Military Child of the Year

Killeen High School senior Brooke Errington is a Military Child of the Year semifinalist for Operation Homefront. She is one of 95 semifinalists nationwide, including 15 representing the U.S. Army.

Todd Martin | KISD

Like many busy Killeen High School seniors, Brooke Errington is studying hard, enjoying her final year in lots of extracurricular activities and filling out reams of applications for scholarships and awards as they come in.

She is also in the running for Military Child of the Year representing the U.S. Army.

She was admittedly surprised when one of those awards triggered a news release and her photo appeared in local media outlets — but it was a good surprise.

The daughter of Lt. Col. Joey and Alison Errington is among 95 national semifinalists for the Operation Homefront Military Child of the Year.

She is competing among 15 students representing the Army and expects to find out in March if she won the award and with it a scholarship.

Win or not, the highly active student is grateful for her time at Fort Hood and said life in a military family has shaped her for the better.

Errington is National Honor Society treasurer and part of Student 2 Student, active in 4-H and a volunteer with her church and the USO. She is also a varsity volleyball player.

She and her family, including a younger brother and sister, moved to Central Texas her sophomore year. They were still staying at a hotel when she tried out for the Roos volleyball team and began practice before the start of school.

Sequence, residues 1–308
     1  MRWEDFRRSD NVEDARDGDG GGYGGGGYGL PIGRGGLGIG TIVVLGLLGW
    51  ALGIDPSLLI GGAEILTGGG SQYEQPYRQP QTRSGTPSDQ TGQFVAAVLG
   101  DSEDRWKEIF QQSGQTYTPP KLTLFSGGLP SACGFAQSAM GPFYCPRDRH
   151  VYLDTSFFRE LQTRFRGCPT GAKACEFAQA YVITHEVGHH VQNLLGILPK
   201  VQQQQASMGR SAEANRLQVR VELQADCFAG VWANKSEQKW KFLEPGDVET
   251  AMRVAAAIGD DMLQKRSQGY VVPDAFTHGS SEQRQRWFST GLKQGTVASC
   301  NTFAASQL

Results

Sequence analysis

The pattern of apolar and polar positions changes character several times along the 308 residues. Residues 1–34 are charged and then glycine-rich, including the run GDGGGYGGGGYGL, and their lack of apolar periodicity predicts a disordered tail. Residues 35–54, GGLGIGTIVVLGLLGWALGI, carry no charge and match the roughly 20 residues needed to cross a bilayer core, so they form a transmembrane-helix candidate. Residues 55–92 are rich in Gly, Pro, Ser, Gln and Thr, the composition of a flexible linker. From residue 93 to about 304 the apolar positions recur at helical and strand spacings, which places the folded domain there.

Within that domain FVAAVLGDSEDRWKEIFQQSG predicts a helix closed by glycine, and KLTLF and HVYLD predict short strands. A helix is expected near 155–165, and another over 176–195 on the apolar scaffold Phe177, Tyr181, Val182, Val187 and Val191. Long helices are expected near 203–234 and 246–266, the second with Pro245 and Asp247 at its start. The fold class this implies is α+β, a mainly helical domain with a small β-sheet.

It’s been like that for her — seven moves in multiple states and countries and her dad’s 41 months combined deployment, including now during her senior year.

Errington rolls with it.

“It’s nice getting recognized for what I’m doing,” she said. “I was a little shocked. I know part of this achievement comes from being in the Fort Hood area.”

She and her family have completed tours in Germany, twice in Kansas, Minnesota and now in Central Texas.

“Getting involved has helped,” she said. “Being part of sports and NHS and finding other kids with the same values. I made friends through volleyball before school started. I’m grateful for my friends and teachers. I get great support.”

She also gives back. As an ambassador for 4-H,

Errington encourages military students nationwide to take part in the organization’s numerous programs. She participates in baking and photography in 4-H.

This year provides as good an example as any of her busy lifestyle. With brother, Billy, a sophomore at Killeen High, and seventh-grade sister Becky at Audie Murphy Middle School, 17-year-old Errington gets to help out a lot.

“It’s made me independent and responsible,” she said. “My mom has to run around a lot and sometimes we make our own meals. It also makes me appreciate time with my dad.”

He is currently deployed to South Korea.

During the volleyball team’s parent night, Errington stood with her mother and a cutout picture of her dad. He is due back in plenty of time for graduation.

“I wouldn’t trade it,” she said of the military life. “Everyone has their difficult times. It’s shaped me. I enjoy starting over. I know I’ve met people I never would have met. The Army really becomes family.”

(1) comment

eyewatchingu

Love it, such a big bright smile. Impressive and I hope she keeps working hard to achieve all her dreams.

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